Mirror of Justice

A blog dedicated to the development of Catholic legal theory.
Affiliated with the Program on Church, State & Society at Notre Dame Law School.

Thursday, May 25, 2006

The Court's next huge Religion Clause case . . .

. . . might just have been teed up by the U.S. Court of Appeals for the Third Circuit (thanks to Religion Clause blog):

Yesterday in Petruska v. Gannon University, (3d Cir., May 24, 2006), the U.S. Third Circuit Court of Appeals expanded the ability of ministerial employees to bring Title VII employment discrimination cases against churches and religious institutions that employ them. In this case, Lynette Petruska, the first female chaplain at Gannon University, a diocesan college, claimed that she was demoted solely because she was a woman. The Court rejected the defendants' claims that the suit should be dismissed under the "ministerial exception" doctrine. It held that the First Amendment exempts religious institutions from Title VII when gender or other illegal discrimination is based on religious belief, religious doctrine or internal church regulations. But if a church discriminates for reasons unrelated to religion, the Constitution does not foreclose a Title VII suit. The court said, "we decline to turn the Free Exercise Clause into a license for the free exercise of discrimination unmoored from religious principle." Judge Smith dissented on this issue.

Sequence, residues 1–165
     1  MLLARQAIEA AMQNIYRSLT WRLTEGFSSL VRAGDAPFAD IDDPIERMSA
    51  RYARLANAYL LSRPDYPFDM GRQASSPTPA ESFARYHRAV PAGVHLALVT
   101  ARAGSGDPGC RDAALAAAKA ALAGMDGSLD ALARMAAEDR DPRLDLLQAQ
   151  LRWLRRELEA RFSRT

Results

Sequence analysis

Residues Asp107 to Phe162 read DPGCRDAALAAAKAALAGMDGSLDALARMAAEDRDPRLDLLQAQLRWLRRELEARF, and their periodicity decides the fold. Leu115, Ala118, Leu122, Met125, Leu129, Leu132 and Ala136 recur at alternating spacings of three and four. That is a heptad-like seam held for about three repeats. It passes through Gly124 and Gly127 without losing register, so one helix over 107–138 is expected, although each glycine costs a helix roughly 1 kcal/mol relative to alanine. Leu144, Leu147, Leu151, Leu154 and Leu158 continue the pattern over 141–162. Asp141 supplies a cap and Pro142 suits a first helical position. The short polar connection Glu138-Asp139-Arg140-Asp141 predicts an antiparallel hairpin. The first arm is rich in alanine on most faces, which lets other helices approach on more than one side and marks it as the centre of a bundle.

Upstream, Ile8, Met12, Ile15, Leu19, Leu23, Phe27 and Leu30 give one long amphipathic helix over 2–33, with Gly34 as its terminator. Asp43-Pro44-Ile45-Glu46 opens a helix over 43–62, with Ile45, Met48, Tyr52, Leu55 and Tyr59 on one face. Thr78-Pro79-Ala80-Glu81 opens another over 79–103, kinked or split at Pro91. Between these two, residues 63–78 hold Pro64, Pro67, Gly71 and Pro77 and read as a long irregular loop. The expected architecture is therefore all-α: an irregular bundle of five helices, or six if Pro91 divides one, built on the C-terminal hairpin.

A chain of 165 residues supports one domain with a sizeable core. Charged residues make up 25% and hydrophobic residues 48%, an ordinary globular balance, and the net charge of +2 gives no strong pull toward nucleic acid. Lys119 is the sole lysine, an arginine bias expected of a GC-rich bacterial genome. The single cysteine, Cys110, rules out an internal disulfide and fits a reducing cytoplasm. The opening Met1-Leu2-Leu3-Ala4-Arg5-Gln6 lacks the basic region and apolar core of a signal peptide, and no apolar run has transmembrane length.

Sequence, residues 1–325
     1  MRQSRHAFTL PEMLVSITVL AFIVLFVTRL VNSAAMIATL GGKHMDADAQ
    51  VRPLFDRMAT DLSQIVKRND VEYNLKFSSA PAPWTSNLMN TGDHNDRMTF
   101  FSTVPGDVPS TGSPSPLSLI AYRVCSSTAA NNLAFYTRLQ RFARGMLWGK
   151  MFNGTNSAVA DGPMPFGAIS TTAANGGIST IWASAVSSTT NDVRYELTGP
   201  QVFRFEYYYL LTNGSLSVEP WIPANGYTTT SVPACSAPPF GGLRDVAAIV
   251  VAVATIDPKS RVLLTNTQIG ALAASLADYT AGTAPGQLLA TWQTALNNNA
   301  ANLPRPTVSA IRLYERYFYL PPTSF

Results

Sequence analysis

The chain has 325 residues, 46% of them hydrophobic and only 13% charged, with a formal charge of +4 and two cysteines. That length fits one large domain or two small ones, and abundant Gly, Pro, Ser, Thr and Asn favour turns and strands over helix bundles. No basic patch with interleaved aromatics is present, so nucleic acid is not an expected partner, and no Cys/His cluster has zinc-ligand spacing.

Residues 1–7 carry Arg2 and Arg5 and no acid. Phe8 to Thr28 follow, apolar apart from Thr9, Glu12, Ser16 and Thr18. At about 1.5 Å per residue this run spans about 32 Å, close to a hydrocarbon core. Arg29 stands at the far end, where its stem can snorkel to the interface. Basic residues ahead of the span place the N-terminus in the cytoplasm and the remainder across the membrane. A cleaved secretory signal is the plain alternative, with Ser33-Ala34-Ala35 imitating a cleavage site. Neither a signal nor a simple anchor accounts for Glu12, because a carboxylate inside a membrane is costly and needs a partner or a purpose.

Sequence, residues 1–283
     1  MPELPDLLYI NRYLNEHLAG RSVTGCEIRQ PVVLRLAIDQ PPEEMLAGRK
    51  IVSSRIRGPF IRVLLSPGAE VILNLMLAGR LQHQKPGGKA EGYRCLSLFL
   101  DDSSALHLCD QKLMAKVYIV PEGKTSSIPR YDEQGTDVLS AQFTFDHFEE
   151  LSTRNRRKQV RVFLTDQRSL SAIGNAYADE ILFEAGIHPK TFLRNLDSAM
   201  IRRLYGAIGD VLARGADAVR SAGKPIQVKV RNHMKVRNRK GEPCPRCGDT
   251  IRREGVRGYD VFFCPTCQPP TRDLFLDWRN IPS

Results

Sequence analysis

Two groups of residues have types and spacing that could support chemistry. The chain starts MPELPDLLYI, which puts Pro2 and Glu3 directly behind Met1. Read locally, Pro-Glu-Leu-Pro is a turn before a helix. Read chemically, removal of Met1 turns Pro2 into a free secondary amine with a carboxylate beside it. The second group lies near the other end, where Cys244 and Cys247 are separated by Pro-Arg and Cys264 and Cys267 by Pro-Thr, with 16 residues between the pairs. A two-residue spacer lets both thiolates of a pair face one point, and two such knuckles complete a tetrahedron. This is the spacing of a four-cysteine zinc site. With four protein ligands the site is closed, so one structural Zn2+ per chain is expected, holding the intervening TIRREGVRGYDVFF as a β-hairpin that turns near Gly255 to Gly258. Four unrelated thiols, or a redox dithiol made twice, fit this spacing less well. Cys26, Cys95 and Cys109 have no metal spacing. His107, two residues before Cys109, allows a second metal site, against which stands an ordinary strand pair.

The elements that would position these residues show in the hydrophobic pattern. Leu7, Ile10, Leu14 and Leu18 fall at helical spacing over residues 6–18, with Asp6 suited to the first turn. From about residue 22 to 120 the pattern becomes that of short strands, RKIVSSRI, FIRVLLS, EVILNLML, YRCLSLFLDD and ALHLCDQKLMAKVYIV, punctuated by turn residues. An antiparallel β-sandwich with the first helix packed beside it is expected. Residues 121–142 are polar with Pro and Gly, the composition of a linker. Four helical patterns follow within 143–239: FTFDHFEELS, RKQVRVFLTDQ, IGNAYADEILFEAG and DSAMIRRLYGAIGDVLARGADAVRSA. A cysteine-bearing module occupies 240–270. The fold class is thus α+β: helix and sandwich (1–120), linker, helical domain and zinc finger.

In holding as it did, the majority disagreed with six other circuits that have found the ministerial exception to be broader. Inside Higher Ed today reports on the case.

Wait and see . . .


Garnett, Rick | Permalink

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